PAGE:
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How to Hyperlapse

How to Hyperlapse

How to Hyperlapse Guide – Shooting

Before reading through this, you should have some experience with timelapse and/or read the previous part of this guide: How to Timelapse

PART 1: How to Timelapse: 

Part 2: How to Hyperlapse: You are reading it.

Part 3: Timelapse and Hyperlapse Post-Processing in Lightroom

Part 4: Timelapse/Hyperlapse post-processing: Adobe After Effeects: 

What is Hyperlapse?

Hyperlapsing is a Timelapse technique in which the person moves the camera each time they take a picture. When played back, this creates an effect more dynamic than traditional timelapses.

Why timelapse? What is so hard about it? It’s the same thing as taking a video and fast forwarding it.

  • Using photography to create a video in motion allows for
  • Better and higher resolution and quality than video allows
  • Ability to process RAW files if you make mistakes
  • Video recording isn’t as great at capturing low light as photograph stills
  • Fast fowarding makes everything look jumpy, proper timelapse allows movement flow
  • It’s just so much more damn cooler

Seoul Timelapses from noe alonzo on Vimeo.

Hyperlapse Technicalities

If you want your hyperlapse to “flow” properly, then you will be using these guidelines.

  • Shutter speed of 1 1/3 of a second for flowy movement (Or something slow)
  • Invest in a ND filter
  • Timelapse interval of 2-3 seconds for people
  • Video editing output playback of 24 frames per second.
  • Any information provided in the previous How to Timelapse Guide
  • Remember, at 24 frames a second, you will need at least 72 pictures for 3 seconds of video.

Before the Hyperlapse: Preparatory work may be necessary before shooting. Envision or know where your hyperlapse will end to ensure proper final framing. Last thing you want to do is go through all the hard work  only to get crappy framing near the end.

Find a flat surface: Hyperlapse on a flat surface, otherwise your hyperlapse will appear extremely jittery. Its possible to do it on ununiformed surfaces, but it will be a hastle & shaky, especially if you are using a tripod.

Shoot more than you need: Start further away than you think, and up further away than you think. At 24 FPS or more, you will end up with alot shorter video than you think.

Marking your pathway: Its not terribly essential. In fact it will not always be possible, especially in public places or touristy areas.  I use water soluble chalk and measuring tape to mark the path that my tripod will follow. This ensures consistent movement in my hyperlapses. Otherwise the tripod may fall too long or too short, similating changes in speed. Ex – Video appears to speed up/slow down.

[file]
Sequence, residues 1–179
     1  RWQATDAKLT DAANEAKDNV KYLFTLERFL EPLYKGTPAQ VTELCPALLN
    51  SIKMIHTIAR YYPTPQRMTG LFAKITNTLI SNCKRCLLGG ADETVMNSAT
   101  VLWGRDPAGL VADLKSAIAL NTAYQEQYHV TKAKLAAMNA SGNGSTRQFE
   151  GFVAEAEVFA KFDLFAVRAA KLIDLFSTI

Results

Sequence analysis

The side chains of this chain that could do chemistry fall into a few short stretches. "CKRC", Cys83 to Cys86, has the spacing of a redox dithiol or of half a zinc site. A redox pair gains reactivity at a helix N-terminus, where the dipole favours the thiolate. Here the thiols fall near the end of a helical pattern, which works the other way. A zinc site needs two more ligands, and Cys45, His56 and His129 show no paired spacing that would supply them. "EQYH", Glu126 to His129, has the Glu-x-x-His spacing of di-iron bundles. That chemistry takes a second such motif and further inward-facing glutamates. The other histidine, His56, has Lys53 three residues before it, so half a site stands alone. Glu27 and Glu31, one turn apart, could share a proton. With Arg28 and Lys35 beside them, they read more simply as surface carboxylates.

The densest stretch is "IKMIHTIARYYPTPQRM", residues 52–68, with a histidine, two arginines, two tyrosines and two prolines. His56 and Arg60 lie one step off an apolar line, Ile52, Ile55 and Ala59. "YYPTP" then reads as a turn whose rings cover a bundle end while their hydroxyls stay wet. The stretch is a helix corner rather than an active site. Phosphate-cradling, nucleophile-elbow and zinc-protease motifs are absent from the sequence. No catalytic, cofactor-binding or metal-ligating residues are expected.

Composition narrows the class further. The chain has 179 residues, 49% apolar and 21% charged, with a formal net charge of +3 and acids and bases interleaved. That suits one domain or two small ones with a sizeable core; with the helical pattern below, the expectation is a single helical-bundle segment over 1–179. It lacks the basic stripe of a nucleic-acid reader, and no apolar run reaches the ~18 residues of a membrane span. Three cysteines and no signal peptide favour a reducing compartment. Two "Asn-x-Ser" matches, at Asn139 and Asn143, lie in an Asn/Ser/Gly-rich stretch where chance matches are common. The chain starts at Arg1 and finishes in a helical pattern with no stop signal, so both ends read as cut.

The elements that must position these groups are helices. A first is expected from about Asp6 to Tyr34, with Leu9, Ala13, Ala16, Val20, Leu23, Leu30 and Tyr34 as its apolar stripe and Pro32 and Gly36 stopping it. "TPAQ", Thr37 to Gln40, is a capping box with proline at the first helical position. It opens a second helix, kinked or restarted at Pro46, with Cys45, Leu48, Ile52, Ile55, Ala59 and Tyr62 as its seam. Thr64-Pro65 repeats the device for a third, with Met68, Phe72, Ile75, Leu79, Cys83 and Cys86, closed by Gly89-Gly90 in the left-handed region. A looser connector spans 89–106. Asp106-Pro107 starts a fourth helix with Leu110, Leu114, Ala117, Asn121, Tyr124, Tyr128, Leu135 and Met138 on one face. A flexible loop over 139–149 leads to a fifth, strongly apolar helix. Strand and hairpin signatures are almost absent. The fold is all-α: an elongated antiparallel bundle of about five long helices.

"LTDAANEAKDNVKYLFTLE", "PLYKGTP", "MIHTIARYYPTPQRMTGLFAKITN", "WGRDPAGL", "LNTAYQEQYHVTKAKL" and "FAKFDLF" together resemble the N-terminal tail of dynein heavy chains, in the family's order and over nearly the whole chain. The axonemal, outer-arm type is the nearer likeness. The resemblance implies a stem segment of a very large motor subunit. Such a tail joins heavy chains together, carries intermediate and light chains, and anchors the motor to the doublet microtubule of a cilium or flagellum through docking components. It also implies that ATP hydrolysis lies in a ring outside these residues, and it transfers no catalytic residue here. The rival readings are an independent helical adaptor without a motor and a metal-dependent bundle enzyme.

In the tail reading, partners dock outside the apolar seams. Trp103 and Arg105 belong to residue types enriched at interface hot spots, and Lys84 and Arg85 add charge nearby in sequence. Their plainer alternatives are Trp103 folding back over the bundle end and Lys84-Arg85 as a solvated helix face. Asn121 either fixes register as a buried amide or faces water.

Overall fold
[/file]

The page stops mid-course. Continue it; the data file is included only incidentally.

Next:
Me marking hyperlapse 200x300 How to Hyperlapse

Me marking the ground before a hyperlapse. Photocredit: Alvin Wong

Look for floor patterns: You might not have to mark the floor at all. Most of the time, the ground has consistent marks on the sidewalk, bricks you can count, or patterns that help you achieve consistent movement.

Tripod Movement: Ideally, you shoud move your tripod 20-40 cm between pictures.

Get a tripod: Hyperlapse involves moving the camera between intervals. The final product is meant to show smooth streamline motion (which will be achieved later with software). Therefore, getting a tripod is essential to prevent as much jitter and shake as possible.

You can do hyperlapse handhelp, but expect alot of postprocessing. In fact, in some cases you will not be able to use a tripod – it’s fine, with practice.

Use a level: Some Cameras come equipped with an electronic level.  It is essential that you maintain the camera level through the hyperlapsing. Between each pictures you will adjust the camera to maintain it level. It will not always be perfect, but that can be fixed in post processing.

My camera has a built-in level but I found it harder to adjust than a bubble level. With a hotshoe bubble level, you can adjust the camera much faster imo. I got mine for $5 dollars. If you are in Korea, you can buy one on gmarket.

level How to Hyperlapse

수평계 a level

Timelapse interval: There will be alot of thing that you have to do between each picture taken like leveling the camera, moving the tripod, finding the focus point. Some people may be faster, but if you are a beginner, an interval of 15-18 seconds will give you enough time to do all 3.

*Actually, I found the interval doesn’t always matter too much, just take a picture as soon as you are focused on the point and have the camera leveled*